Cyprus Reunification: The Relationship of Turkey and the E.U

Turkey has always represented a point of interest for the balance of power in Europe. When it was the Ottoman Empire its territories extended into Asia and Europe, converging with the Hapsburg empire - the other great historical European empire - in the Balkans.

Like Russia and England - who both had international empires and geographical positions on the periphery of the continent - Turkey has always been able to say that it's Asian affairs lay outside the continent and belong strictly to Turkey, but that its Western border mean that its stake in Europe is legitimate; when the Ottoman empire faded and was replaced with the Republic of Turkey in 1923, Ankara lost its Balkan possessions to the National Principle, but it's historical association with the continent, plus the historical interest of the Great Powers in Turkey (in both west and east) means that Turkey seems always destined to have its place in European diplomacy.

In the modern day that interest, on both sides, is filtered through continued attempts to reconcile Turkey with the E,U as it looks to gain membership. again, the Turkish historical association here is a long one; it became an associate member of the official European community, throughout its many guises, in 1963, and it has remained as such since.

It has had several unsuccessful attempts to join the E.u proper, and the European Union is currently in talks with Turkish parliament about reconciling differences so that they may apply again; and this time successfully.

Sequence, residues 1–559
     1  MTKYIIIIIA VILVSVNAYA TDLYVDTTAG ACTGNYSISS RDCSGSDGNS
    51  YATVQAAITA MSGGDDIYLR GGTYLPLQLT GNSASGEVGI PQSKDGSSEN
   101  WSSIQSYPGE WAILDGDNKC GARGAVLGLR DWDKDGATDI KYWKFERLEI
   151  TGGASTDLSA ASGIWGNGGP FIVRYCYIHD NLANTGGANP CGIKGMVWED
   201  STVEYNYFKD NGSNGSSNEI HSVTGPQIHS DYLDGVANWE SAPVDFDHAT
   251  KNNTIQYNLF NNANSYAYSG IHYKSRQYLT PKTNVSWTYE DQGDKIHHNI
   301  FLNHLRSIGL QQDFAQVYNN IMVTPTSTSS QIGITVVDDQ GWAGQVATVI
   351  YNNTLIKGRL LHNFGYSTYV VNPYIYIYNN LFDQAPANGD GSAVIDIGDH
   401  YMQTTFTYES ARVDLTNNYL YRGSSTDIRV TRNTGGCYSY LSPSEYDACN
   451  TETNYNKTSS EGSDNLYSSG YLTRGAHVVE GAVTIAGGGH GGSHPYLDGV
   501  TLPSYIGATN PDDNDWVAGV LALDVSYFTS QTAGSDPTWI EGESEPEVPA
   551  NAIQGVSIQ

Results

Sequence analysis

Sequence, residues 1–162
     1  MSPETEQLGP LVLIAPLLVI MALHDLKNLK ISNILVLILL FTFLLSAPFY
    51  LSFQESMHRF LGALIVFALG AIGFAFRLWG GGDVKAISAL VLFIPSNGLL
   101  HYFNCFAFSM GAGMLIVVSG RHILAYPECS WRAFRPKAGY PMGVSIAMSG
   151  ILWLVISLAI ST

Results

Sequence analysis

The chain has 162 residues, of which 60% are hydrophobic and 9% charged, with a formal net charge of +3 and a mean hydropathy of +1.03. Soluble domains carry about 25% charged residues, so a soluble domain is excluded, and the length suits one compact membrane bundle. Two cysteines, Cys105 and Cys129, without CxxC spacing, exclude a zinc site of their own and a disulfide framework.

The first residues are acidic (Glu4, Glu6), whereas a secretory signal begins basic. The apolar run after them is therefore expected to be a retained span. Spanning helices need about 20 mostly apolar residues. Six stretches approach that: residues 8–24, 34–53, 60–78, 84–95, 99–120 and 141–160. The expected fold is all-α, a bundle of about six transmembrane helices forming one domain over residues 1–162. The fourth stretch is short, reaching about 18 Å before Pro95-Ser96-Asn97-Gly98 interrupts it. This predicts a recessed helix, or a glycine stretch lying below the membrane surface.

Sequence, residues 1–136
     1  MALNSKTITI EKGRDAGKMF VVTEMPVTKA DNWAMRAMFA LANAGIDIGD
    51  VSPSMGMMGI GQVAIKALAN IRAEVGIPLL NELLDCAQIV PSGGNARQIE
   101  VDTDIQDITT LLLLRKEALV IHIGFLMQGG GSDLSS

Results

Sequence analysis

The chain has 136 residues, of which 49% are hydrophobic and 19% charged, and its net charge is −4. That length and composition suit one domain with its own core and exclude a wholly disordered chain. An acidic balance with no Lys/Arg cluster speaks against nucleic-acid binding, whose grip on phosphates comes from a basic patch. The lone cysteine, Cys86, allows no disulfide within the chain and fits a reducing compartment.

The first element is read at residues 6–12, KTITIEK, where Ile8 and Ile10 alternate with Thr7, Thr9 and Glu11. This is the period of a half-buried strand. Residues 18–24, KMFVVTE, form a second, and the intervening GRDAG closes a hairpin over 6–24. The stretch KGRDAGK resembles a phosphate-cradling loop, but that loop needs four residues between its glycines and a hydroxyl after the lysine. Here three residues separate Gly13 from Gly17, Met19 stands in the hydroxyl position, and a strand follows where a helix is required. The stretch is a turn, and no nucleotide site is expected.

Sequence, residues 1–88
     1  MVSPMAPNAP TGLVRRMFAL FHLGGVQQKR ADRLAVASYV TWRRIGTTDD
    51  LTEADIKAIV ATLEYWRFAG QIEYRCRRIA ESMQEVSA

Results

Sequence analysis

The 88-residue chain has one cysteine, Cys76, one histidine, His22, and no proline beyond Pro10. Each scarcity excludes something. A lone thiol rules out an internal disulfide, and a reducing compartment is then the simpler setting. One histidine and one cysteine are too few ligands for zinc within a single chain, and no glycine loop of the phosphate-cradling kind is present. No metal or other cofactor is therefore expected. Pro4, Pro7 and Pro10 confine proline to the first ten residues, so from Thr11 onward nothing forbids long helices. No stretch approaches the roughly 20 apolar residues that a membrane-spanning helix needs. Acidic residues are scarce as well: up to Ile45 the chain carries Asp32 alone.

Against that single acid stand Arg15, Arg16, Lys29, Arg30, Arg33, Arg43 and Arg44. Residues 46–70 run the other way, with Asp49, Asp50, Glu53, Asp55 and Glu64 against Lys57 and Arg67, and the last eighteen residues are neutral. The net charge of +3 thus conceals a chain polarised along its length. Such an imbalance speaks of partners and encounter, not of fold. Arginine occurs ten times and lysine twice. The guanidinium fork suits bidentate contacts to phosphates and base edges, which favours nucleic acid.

One of the chief issues is that of Cyprus and Cyprus reunification, which the E.U wants to see resolved. And it knows that it will need Turkey's help, with North Cyprus - declared by Turkey and Turkey only as the Turkish Republic of North Cyprus in 1983 - in some way answerable to Ankara.

The crux of Turkish membership to the E.U, then, could well stand on the issue of the Reunification of Cyprus. It is the diplomatic bargaining chip that both sides will use, and as the International Crisis Group has outlined in its most recent report, Turkey and Europe: The Decisive Year Ahead, Turkey looks willing to make headway:

"Turkey now pledges to relaunch reforms with a new National Program for Adopting the EU Body of Law (the acquis communautaire). The draft text focuses on anti-corruption measures through regulation of state tenders and state incentives, judicial reform and more democratic laws governing political parties and elections. In particular, AKP officials mention lowering the 10 per cent national electoral threshold for a party to enter parliament; allowing 100 of that body

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Cyprus Reunification is one of the hottest issues in European diplomacy. Martin Gavin is an expert on the ins and outs, and writes for

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